COFFMAN: It's hard not to inevitably be like, OK, I'm pregnant this date. I'm going to give birth on this date. You know, like, what's my next year going to look like? You don't want to get ahead of yourself, but you also - I think, naturally, as human beings, we start thinking, you know, about the future life that could be.

WENDLE: While she's dealing with all of that, she gets a bill from her insurance company. And she was like, what? You know, my insurance is supposed to cover all prenatal care. Why are they making me pay this bill? So she calls up the insurance company.

COFFMAN: And, you know, whoever was trained on the other end for the insurance company was like, oh, you know, we don't consider you pregnant until you have the first positive ultrasound that detects fetal cardiac activity. So according to the way we, like, determine pregnancy as an insurance company, you were never considered pregnant. It was incredibly upsetting. It felt very much like an erasure and very much in contradiction with, like, what I had lived.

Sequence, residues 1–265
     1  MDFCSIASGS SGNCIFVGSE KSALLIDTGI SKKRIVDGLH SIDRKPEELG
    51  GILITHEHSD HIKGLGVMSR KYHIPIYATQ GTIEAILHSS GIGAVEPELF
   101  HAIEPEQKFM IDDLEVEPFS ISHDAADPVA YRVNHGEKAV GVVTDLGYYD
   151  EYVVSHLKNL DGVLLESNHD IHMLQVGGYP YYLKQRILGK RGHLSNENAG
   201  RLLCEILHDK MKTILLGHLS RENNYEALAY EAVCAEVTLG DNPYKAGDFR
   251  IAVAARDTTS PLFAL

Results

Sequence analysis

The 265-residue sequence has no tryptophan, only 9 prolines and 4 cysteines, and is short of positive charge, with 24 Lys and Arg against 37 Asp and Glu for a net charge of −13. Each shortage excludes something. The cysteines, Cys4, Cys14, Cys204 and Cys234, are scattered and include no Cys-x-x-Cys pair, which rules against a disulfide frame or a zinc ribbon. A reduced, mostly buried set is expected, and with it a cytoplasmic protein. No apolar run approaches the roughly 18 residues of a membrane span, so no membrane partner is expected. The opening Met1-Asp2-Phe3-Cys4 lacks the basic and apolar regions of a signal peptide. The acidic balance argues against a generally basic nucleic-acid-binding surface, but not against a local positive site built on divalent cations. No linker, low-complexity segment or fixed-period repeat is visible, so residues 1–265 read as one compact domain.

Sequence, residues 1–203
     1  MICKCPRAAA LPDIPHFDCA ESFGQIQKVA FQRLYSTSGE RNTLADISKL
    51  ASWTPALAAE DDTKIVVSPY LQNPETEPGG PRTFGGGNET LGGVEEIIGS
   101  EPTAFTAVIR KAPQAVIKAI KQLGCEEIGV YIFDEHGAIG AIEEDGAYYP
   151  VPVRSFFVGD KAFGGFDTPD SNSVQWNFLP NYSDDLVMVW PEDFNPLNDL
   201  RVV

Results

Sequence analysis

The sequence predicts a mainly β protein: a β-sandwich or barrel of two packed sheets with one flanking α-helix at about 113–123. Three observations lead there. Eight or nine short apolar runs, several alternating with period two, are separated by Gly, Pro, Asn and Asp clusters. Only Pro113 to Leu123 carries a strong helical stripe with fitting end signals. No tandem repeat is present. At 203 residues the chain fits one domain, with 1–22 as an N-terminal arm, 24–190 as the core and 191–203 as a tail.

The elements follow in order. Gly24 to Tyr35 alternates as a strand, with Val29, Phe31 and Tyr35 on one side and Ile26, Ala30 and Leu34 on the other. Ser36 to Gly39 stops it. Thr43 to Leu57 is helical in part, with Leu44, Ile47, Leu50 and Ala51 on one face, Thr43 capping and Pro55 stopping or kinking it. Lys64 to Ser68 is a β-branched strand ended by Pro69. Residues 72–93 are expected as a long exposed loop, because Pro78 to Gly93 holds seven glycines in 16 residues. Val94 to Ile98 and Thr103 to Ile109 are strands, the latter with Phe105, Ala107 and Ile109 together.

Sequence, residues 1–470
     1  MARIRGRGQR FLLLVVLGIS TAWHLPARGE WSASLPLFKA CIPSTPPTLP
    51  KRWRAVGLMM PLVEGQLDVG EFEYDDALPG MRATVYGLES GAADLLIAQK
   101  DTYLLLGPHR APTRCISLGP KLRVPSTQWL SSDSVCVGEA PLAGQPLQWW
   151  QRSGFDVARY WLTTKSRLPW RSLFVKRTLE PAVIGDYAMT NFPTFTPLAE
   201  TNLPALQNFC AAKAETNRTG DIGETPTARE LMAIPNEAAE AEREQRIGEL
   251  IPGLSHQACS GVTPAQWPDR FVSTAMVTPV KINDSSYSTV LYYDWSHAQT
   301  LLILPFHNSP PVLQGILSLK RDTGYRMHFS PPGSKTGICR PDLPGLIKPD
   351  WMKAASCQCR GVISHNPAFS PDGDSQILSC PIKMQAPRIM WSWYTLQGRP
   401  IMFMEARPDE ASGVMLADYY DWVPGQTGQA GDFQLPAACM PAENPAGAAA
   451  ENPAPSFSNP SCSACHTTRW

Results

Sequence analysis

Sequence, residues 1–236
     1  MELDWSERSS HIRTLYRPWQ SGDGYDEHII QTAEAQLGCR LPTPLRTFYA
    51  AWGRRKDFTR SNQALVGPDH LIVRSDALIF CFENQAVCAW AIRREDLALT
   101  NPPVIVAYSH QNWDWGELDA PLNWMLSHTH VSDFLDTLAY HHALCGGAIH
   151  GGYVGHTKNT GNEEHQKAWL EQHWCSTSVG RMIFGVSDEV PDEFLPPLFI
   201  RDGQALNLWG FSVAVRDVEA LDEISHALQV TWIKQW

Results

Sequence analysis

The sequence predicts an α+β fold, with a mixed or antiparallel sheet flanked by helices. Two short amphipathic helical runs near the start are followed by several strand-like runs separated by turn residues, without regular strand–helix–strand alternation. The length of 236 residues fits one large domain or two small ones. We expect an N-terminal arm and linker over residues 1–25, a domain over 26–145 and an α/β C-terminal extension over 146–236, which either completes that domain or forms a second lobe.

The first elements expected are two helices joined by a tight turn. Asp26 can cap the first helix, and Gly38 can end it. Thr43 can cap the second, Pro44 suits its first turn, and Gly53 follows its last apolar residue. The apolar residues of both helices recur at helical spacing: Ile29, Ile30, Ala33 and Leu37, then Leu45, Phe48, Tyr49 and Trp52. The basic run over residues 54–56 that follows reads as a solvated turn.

NATISSE: Wow. That sounds so hard and messed up.

WENDLE: Yeah. Yeah - like insult to injury, you know?


WENDLE: So she pays the bill, basically, just to, like, move on with it. And she and her husband get back to trying to have a baby. And they were successful. She just celebrated her son's first birthday.

NATISSE: Oh, nice. Congratulations and happy birthday.

WENDLE: Yeah. But the whole experience - I mean, it left her with just a lot of questions about pregnancy and, like, the different ways that we define it.

COFFMAN: In the 15 minutes prior to the ultrasound, was I pregnant? And then the second the ultrasound happened and we found out that it was not viable, was I no longer pregnant?

WENDLE: Was she never pregnant, like the insurance company said?

COFFMAN: Because it was never going to be a full-term pregnancy.

WENDLE: You know, when Allison took that first pregnancy test, saw the line on a stick, it seemed really simple and straightforward. But, like, she realized pregnancy isn't just a test result. It's a process and a pretty ambiguous one at that.